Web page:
The grandfather now only needs a stick to get around.
Mamedica’s managing director, Jon Robson, told Express.co.uk that they were seeing increased uptake of their service, including from younger patients taking cannabis to help with anxiety, stress and depression – now reaching 40 percent of their prescriptions.
The clinic prescribes cannabis flower, “as you would imagine people get from the illict market”, Mr Robson said, except it “must be used in a dry herb vaporiser” to avoid the carcinogenic effects of smoking it with tobacco. The drug can also be taken as a tincture to be dropped under the tongue, or as tablets. Robin said that he uses a vape to take the medicine.
Mamedica is taking advantage of a gap in the market that, according to campaigners for medical cannabis to be made more available, shouldn’t be there.
Despite it being legal to do so, NICE does not recommend doctors give their patients cannabis, citing a lack of evidence for its benefits across the various ailments for which it might be prescribed – including chronic pain.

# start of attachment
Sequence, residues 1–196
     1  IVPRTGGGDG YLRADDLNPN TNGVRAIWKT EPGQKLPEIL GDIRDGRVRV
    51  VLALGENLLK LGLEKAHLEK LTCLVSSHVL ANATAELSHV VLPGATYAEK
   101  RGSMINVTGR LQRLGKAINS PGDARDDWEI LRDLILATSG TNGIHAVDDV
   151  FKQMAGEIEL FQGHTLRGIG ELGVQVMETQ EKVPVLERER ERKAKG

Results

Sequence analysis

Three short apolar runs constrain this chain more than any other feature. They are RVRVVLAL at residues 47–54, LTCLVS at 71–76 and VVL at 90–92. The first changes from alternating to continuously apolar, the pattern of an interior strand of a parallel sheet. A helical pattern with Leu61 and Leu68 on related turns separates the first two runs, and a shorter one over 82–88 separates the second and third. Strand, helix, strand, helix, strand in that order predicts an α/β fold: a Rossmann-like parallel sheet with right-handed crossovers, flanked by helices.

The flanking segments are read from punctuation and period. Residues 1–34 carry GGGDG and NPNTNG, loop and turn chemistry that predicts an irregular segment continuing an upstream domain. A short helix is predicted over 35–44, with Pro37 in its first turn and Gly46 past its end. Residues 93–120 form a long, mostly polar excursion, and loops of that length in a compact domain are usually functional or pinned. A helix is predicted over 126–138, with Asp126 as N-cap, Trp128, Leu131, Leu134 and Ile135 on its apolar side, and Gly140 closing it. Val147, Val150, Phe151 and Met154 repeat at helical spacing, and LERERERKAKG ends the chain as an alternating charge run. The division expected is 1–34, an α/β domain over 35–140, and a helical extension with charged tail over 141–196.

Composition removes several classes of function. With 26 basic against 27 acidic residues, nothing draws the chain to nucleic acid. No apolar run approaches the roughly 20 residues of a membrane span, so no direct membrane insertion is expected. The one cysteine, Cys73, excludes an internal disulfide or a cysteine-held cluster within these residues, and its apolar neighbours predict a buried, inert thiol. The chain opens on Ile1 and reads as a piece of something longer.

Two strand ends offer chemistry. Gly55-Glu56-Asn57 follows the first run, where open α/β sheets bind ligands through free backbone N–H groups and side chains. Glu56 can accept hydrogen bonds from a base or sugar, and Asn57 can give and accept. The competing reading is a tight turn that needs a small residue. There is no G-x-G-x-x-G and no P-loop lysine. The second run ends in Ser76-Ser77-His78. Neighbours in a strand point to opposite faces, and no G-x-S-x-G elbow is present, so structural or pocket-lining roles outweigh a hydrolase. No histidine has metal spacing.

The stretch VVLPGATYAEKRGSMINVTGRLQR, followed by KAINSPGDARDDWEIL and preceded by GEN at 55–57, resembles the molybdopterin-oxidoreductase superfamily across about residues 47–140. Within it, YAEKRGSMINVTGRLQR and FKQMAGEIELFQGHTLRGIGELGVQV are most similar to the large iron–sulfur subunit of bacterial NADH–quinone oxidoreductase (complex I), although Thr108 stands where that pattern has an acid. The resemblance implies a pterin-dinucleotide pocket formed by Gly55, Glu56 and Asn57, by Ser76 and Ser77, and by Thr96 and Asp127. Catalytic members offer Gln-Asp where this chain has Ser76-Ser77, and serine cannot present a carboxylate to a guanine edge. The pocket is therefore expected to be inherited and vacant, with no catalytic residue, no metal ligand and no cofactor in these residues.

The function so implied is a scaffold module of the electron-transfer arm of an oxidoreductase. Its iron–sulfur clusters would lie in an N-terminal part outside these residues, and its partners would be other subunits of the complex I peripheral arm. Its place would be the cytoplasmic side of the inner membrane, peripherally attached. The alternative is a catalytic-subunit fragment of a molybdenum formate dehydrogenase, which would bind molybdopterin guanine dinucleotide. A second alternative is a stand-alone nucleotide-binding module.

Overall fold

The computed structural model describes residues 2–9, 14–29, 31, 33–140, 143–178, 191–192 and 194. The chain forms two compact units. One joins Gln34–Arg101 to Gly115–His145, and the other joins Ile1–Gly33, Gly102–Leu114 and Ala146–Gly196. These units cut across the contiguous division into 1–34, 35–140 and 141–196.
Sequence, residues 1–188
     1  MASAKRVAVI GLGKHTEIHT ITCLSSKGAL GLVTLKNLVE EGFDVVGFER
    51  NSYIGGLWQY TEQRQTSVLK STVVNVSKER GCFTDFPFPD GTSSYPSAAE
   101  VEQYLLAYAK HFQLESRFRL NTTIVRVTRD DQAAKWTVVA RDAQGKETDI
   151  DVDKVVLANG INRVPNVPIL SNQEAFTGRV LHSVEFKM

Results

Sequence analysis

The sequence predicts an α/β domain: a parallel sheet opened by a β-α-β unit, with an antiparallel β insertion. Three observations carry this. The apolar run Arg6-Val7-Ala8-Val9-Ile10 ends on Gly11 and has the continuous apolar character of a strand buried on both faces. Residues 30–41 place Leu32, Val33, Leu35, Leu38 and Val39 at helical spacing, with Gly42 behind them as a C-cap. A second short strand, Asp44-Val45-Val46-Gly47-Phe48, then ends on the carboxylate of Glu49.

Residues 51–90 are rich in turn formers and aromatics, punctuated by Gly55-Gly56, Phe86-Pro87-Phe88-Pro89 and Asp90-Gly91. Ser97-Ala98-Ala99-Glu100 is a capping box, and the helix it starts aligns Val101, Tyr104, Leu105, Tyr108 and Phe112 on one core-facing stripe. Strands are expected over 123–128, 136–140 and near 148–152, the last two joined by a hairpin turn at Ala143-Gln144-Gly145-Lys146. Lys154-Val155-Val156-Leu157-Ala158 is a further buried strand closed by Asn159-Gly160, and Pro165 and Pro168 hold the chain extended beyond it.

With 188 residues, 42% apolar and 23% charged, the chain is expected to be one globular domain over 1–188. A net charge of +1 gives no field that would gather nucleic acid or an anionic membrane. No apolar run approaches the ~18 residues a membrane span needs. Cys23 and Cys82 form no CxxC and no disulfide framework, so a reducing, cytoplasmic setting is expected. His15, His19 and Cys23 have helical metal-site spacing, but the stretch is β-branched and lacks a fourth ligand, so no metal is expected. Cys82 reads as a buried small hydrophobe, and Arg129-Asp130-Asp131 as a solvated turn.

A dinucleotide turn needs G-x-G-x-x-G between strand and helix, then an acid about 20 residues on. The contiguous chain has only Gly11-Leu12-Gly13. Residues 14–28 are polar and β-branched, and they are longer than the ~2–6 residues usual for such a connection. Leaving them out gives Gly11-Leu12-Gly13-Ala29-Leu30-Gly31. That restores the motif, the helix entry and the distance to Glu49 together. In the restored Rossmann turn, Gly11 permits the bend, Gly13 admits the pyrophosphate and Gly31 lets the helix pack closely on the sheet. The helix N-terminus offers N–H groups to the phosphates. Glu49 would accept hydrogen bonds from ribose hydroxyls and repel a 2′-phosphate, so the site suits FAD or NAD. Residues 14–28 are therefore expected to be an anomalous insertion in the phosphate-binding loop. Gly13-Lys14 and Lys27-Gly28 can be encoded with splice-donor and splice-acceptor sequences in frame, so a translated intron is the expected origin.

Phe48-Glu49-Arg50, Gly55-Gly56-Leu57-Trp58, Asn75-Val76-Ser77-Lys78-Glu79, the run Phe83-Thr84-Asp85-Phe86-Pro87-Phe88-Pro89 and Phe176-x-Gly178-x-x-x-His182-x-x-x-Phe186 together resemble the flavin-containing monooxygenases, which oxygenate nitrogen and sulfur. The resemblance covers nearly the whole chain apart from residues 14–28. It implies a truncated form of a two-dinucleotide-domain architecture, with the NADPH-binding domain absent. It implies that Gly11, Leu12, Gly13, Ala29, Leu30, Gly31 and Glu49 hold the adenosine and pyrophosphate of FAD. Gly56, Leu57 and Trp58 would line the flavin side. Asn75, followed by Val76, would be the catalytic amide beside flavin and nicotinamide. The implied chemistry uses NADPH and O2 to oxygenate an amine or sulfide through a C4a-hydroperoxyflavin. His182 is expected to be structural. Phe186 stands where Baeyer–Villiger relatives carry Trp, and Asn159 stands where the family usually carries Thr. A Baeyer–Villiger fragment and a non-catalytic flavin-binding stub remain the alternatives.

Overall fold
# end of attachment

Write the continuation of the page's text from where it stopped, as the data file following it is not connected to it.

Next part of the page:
On October 31 2020, it was reported that the NHS had been repeatedly refusing to fund medical cannabis for children with severe epilepsy, with mum Emma Appleby allegedly paying £2,000 a month for her 11-year-old daughter Teagan, who had been having up to 300 seizures a day.
After an anonymous £2,500 donation was given to one of the child’s parents they bought cannabis oil for their child, who after taking it was allowed home within two days.
The Department of Health and Social Care said at the time more research is needed before it can routinely prescribe cannabis-based medicines. NICE added that a study of the economic impact of prescribing cannabis more widely was found to not be an “effective use of NHS resources.”
Robin disagreed, saying the drug had “changed his life” and “certainly should be mainstream.” Campaigners have called for more in-depth research into the possibilities of the drug for medical use.
Alex Fraser, patient access specialist at Grow Biotech, a medical cannabis research and advocacy firm, told Wired that part of the issue derived from a “reluctance from doctors and pharmacies to risk their licenses by facilitating access.”